Two Oregon ranchers, Dwight and Steven Hammond, were accused of setting fire to federal lands several years ago. They were convicted, served several months behind bars, and released.
Later, however, a federal judge ordered the father-and-son ranchers back to prison because, under federal law, there was a mandatory minimum for arson on federal land that they had not yet served. Their story later became a leading cause for militia members.
The Oregonian reported this morning, however, that Donald Trump has intervened in the Hammonds' case.
President Donald Trump on Tuesday commuted the sentences of two eastern Oregon ranchers serving time in federal prison for setting fire to public land in a case that inflamed their supporters and gave rise to the armed takeover of the Malheur National Wildlife Refuge.
The decision will free Dwight Hammond Jr., 76, and son Steven Hammond, 49, convicted in 2012 of arson on Harney County land where they had grazing rights for their cattle.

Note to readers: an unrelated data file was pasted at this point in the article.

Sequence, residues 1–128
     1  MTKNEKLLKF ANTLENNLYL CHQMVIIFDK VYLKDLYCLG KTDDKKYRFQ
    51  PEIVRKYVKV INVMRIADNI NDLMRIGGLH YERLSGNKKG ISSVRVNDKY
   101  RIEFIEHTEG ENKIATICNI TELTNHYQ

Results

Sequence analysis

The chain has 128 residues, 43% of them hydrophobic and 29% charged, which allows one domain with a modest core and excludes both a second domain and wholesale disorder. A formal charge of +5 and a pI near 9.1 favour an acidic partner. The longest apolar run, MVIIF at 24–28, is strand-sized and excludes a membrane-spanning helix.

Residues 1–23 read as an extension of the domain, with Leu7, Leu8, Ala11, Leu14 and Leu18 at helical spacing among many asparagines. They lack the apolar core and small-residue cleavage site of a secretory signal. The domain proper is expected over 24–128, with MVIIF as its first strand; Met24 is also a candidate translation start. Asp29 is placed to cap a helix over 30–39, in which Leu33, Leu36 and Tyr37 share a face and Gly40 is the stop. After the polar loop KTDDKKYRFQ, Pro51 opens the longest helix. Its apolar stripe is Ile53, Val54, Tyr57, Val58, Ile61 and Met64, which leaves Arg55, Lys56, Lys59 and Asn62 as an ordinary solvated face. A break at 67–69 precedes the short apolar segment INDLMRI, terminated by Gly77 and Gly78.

The article added that, according to prosecutors, the Hammonds' fires were used "to cover up illegal deer poaching," and when the fires burned out of control, they placed firefighters "who had to be airlifted out of the area in grave danger."
According to the former U.S. Attorney in Oregon, the case followed years of alleged "permit violations and unauthorized fires" from the Hammonds, for which "they never accepted responsibility."
Nevertheless, in a press statement, the White House said, "The Hammonds are devoted family men, respected contributors to their local community, and have widespread support from their neighbors, local law enforcement, and farmers and ranchers across the West. Justice is overdue for Dwight and Steven Hammond, both of whom are entirely deserving of these Grants of Executive Clemency."